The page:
then get on with your work without having to expend time and energy
nurturing a relationship between equals.”
“There can be no covenant between a lawyer and his client unless and
until the lawyer is willing to encounter his client as an equal who has
something of value to contribute to the relation. … The indispensable
first step in forging a covenant between a lawyer and a client is the
willingness of both parties to entrust themselves to the other.”
There are good, practical pointers, with the preface: “We have observed over the years
that the amount of time lawyers have to spend on files can be a source of frustration
not only for clients (who have to pay for all that time) but also for lawyers, who would
much rather spend their time applying analytical skills than coping with the administrative
details of a client’s file. EFFICIENCY is the name of the game in keeping your legal bills
down, way down.”
Beyond organizational similarities, Canadian lawayers are like their Americans counterparts in one very important way — many are very dissatisfied with their profession. Four distinct segments of the profession were surveyed for the Report: Law students, Lawyers in practice for 2 years, Lawyers in practice for 7-8 years, Lawyers in practice for 15 years. They found that (Sec. 2.3.3):
“Time spent in the profession undoubtedly colours a lawyer’s attitudes, expectations and intentions. Many first- and second-year lawyers are frustrated with being “out of the loop” for stimulating work, instead finding themselves relegated to a form of “hazing” (long hours, high volumes of routine work, relatively low pay). Time demands, workload and the lack of a personal life are seen as key stressors by all lawyers. In fact, even among lawyers with seven to eight years of practice, almost 70% are still thinking of leaving the profession. In a recent study of 10 large firms conducted by Catalyst Canada, a majority (62% of the women, 50% of the men) planned to change jobs within five years. Not surprisingly, lawyers with at least 15 years of practice were less likely to leave the profession but, even in this group, a majority had considered changing their area of practice (Ipsos-Reid).”
According to a CBA press release (Aug. 14, 2005), the Futures Committee identified three demographic influences that appeared to be dominant: the influx of more women into the profession, the increasing diversity of the profession, and the difference in attitudes and expectations between younger and older lawyers. “Work-life balance played a role in all of these trends”:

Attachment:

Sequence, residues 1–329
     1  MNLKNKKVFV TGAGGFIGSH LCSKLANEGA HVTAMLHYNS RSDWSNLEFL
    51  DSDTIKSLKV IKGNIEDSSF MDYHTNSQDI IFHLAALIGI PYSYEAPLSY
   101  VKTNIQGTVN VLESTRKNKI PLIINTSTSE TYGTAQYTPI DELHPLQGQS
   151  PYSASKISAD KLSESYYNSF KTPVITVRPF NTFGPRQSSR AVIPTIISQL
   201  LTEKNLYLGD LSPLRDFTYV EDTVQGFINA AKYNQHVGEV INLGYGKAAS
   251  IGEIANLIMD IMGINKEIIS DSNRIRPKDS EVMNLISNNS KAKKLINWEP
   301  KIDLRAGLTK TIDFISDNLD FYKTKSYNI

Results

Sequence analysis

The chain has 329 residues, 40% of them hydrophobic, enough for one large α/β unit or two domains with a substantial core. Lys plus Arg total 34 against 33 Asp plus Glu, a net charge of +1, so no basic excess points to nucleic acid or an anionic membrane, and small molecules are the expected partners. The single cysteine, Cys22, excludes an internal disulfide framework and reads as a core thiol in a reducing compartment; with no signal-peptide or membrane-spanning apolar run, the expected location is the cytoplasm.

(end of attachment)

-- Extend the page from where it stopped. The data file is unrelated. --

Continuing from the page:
“The leading factor that will emerge to change the legal profession over the next ten years is the increasing importance associates will place on their personal and family time – the work-life balance issue,” said Kelly Smith of Rogers Moore in Toronto, the young lawyer representative on the Committee. “Associates will shun enormous billing pressure. Greater importance will be placed on interesting work, flexible work environments and alternatives to hourly billing, with the end result being more free time,” Mr. Smith added.
As is true in the United States, Canada’s legal profession continues to grow at a pace that may be unrelated to actual demand for lawyers (which might be why CBA has devoted large amounts of money to a lawsuit seeking to establish a right to civil legal representation for all Canadians). The Report notes (Sec. 2.3):
“According to Statistics Canada, the Canadian legal profession has grown almost ten-fold in the past 50 years (there were 9,000 lawyers in 1951, and 85,863 in 2002). By 2015, we can expect 125,000 practising lawyers in Canada. The rate of growth of the profession has been higher, for example, than that of physicians and surgeons (the population of lawyers grew by 109% in the 1970s compared to 42% for physicians and surgeons). There is anecdotal evidence that there may not be enough work to go around and that some law practices are failing or lawyers are simply leaving the profession. Despite this less than rosy outlook, law schools are graduating 3,500 new lawyers each year, of whom 2,500 are called to the Bar. While 10,000 lawyers in the 2001 census were over 55, there is no indication of how many will retire, and when.”
The Canadian Bar has perhaps seen an even more rapid influx of women members than in the United States. The Report states (Sec. 2.3.1):
In 1970, only one in 20 lawyers in Canada was female. Today, one of every three lawyers is a woman, with the majority under age 35. Only 10% of lawyers over 50 are women (the next large cohort of potential retirees). In 1990-91, female law students outnumbered males for the first time, and in 2003, 60% ofl aw school enrolees were women. In 2004, 56% of law school graduates were women.
Based on 2004 the longitudinal study of women lawyers in Ontario by Professor Fiona Kay et al. for the Law Society of Upper Canada (“Turning Points and Transitions: Women’s Careers in the Legal Profession”), the Report also notes that “women lawyers are more likely to have several legal positions over the course of their careers, and more likely to make lateral professional moves; and that there are very high attrition rates for women.not. Theories of women’s eventual flight from the profession still lack solid national research evidence. However, the Alberta study concluded that while men leave the profession in greater absolute numbers, women leave in greater proportion than do men.”
In response, the Futures Committee wants to do much more research to determine “whether the expectations, attitudes, behaviours, work patterns and support requirements of female lawyers will vary significantly from those of male lawyers and, if so, how they will affect the profession and the practice of law.” They say that “The legal profession cannot simply resign itself to the attrition rate of women; the challenge must be to focus on a culture of equality for the future.” Therefore, the Report wants to “develop new strategies to ensure that equity is achieved in the likelihood of the genders achieving similar levels of satisfaction during the course of a legal career.”
I’m not certain that the forces that imbue women lawyers with more of a willingness, ability, or need to move around within the profession (in search of a better fit), or to leave it, are necessarily bad. Equal misery might not be a goal worth pursuing. Perhaps male lawyers should be looking for ways to get out of their ruts, rather than hoping that female lawyers will stay or join them. It looks to me that Canadian lawyers and bar associations are quite similar to their American
counterparts. I hope we might learn from eachother how to find more satisfying careers, while serving clients better and putting the clients’ interests first.
facing the river –
next door, it seems
is the deep north
scrawny goose –
honking at his friends
dont’t cry insects!
we’re all headed
to the same exit